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Graduating College with a Mental Illness Takes Persistence

Graduating College with a Mental Illness Takes Persistence

Attending college with a mental illness was a long and bumpy road. I did graduate and have some advice for other students in college with a mental illness.

Attending college with a mental illness can be very challenging. The stress of your course load can exacerbate your mental health symptoms. If you’re attending a school away from home, being far from your family or support system can add even more pressure. My time in college was a very long and bumpy road, but when I slowed down and put my mental health first, I was finally able to graduate in 2014. Here’s how I survived college with a mental illness.

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Introduction to Megan Rahm, Author of ‘Recovering from Mental Illness’

Introduction to Megan Rahm, Author of ‘Recovering from Mental Illness’

Megan Rahm, new author of "Recovering from Mental Illness" shares her experience with bulimia and schizoaffective disorder and recovering from mental illness.I’m Megan Rahm and I’m a new co-author for the blog Recovering from Mental Illness. I live in Toledo, Ohio with my husband and 14-month-old daughter. I have struggled with mental health symptoms most of my life, and in my early 20s I was diagnosed with bulimia and schizoaffective disorder.

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The Power of Psychiatric Medications Probably Saved My Life

The Power of Psychiatric Medications Probably Saved My Life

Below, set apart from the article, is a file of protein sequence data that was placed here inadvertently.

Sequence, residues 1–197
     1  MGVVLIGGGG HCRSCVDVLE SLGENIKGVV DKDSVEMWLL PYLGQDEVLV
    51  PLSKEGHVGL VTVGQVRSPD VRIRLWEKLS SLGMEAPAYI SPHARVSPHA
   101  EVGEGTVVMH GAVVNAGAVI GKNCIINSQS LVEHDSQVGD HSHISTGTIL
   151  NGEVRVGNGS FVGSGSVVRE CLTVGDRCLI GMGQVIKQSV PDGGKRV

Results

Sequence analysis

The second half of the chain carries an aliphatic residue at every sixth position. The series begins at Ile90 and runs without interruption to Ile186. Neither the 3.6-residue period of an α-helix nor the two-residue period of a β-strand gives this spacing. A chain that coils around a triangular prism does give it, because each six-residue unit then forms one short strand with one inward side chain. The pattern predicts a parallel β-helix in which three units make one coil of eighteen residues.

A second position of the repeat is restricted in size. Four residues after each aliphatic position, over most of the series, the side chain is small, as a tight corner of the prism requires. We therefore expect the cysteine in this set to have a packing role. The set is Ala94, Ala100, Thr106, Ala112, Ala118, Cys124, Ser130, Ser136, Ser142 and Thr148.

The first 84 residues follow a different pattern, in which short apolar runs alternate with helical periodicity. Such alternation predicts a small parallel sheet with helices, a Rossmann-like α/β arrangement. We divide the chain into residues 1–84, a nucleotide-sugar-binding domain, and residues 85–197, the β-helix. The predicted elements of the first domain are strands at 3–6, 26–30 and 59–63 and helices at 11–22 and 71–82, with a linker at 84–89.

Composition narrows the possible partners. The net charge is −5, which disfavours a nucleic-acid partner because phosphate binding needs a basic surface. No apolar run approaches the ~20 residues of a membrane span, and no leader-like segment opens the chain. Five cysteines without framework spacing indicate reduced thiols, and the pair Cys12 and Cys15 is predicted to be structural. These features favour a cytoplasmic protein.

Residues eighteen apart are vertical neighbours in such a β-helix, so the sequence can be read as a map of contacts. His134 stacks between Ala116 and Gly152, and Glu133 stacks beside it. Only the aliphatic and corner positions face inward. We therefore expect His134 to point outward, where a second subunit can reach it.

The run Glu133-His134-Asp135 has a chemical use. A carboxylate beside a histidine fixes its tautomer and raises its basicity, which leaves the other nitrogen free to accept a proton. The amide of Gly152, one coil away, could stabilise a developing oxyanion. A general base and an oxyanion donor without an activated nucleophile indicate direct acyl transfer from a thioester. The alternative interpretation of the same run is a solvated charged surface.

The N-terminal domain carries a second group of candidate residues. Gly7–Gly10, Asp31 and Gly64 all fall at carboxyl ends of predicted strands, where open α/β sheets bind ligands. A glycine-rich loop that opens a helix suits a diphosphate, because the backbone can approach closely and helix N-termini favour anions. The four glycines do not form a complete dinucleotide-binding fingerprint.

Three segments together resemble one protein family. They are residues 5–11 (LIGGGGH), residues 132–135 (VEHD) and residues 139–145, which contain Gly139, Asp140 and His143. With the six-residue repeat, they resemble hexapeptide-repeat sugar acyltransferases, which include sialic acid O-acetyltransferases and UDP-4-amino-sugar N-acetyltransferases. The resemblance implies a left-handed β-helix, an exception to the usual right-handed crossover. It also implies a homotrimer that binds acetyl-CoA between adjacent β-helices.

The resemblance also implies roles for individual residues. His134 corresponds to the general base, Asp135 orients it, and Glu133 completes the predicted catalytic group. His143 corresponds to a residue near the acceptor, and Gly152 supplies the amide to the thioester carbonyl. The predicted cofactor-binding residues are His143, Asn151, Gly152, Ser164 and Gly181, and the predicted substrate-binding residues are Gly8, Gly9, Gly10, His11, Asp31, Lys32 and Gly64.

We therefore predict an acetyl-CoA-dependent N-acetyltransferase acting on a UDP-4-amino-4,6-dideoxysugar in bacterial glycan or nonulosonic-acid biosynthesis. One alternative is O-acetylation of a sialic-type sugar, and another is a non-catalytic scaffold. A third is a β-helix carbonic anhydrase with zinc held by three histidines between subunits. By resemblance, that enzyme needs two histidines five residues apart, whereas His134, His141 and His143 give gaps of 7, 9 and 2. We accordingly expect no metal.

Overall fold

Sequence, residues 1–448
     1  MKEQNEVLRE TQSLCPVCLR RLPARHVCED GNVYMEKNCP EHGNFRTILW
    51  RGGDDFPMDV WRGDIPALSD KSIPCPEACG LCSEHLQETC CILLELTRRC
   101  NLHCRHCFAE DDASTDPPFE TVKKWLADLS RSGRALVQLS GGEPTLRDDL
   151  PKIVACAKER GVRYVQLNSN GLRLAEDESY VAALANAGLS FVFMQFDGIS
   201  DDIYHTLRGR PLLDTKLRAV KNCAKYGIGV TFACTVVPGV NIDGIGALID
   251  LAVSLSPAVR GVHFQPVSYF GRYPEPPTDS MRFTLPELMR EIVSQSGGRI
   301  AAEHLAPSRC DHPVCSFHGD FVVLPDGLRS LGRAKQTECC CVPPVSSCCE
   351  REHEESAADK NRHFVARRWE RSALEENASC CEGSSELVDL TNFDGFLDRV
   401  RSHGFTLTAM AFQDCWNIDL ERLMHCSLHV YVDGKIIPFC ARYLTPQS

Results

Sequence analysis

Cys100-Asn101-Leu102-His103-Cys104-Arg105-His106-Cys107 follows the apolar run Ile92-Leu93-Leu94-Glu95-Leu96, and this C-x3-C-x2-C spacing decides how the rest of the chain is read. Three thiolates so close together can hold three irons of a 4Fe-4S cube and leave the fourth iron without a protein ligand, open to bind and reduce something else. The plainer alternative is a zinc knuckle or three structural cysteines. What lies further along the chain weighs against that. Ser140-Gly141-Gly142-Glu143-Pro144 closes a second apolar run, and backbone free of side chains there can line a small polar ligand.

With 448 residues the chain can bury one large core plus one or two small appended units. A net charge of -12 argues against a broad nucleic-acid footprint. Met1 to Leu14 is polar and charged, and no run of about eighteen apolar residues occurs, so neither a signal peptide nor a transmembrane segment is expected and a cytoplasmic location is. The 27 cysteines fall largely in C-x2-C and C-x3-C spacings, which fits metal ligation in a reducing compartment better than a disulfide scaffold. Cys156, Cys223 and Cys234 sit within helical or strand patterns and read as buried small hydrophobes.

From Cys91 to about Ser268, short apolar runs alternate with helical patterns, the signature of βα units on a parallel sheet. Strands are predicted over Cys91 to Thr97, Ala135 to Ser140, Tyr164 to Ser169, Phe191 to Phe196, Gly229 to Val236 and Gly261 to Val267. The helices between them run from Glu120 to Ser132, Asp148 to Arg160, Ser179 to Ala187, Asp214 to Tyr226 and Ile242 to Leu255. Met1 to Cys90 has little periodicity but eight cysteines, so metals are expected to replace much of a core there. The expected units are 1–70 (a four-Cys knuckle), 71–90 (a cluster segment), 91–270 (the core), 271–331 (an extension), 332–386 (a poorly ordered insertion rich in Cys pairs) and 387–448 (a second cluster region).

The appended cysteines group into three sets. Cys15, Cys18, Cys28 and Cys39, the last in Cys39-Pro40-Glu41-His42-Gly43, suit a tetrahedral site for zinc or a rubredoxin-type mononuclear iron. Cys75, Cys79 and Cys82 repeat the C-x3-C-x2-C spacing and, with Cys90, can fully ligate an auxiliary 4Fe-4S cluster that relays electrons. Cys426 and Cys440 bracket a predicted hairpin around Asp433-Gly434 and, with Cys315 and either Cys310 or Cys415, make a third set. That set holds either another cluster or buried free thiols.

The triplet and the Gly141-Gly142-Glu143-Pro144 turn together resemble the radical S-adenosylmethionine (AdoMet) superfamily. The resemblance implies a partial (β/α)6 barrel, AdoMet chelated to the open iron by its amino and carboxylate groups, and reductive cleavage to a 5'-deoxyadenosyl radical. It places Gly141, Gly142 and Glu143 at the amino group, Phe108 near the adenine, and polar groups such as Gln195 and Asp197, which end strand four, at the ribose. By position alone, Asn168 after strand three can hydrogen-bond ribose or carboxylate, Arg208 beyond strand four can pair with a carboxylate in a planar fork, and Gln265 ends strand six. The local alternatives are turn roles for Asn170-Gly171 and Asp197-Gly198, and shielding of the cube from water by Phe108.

Psychiatric medications saved my life. Before taking psychiatric medication, I experienced constant suicidal ideation due to mental illness. Now I don't.

Have you ever thought about the power of psychiatric medications to save lives? In the past few days, I was let go from one of my jobs and one of my pet rats died unexpectedly. This would be a stressful situation for anyone, but a few years ago this would have had me drunk and suicidal. But, thanks to the power of psychiatric medications, I’m sober and safe. I can deal with life’s curveballs–something I couldn’t do off my medications.

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Three Myths About Involuntary Treatment for Mental Illness

Three Myths About Involuntary Treatment for Mental Illness

There are many myths about involuntary treatment for mental illness (The Realities of Involuntary Treatment). Involuntary treatment is extremely controversial, and that’s an understatement along the lines of saying, “The Arctic is kind of chilly.” Part of the reason it’s so controversial is because we rarely do it for other illnesses. We prefer to let people “die with their rights.” While I’m hesitant to recommend involuntary treatment become standard operating procedure, I can discuss three myths about involuntary treatment.

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How to Recover from Perfectionism or Perfectionistic Standards

How to Recover from Perfectionism or Perfectionistic Standards

Do you know how to recover from perfectionism or perfectionistic standards? Perfectionistic standards are one of the symptoms of borderline personality disorder (BPD), according to schema therapy, which I found tremendously helpful in recovering from BPD. Basically, perfectionistic standards are standards set so high that no human can meet them. When we fail to meet these standards, we begin to think we’re failures and bad people, and that triggers our symptoms such as self-injury. But the good news is we can recover. Here are some suggestions on how to recover from perfectionism or unreasonably high standards.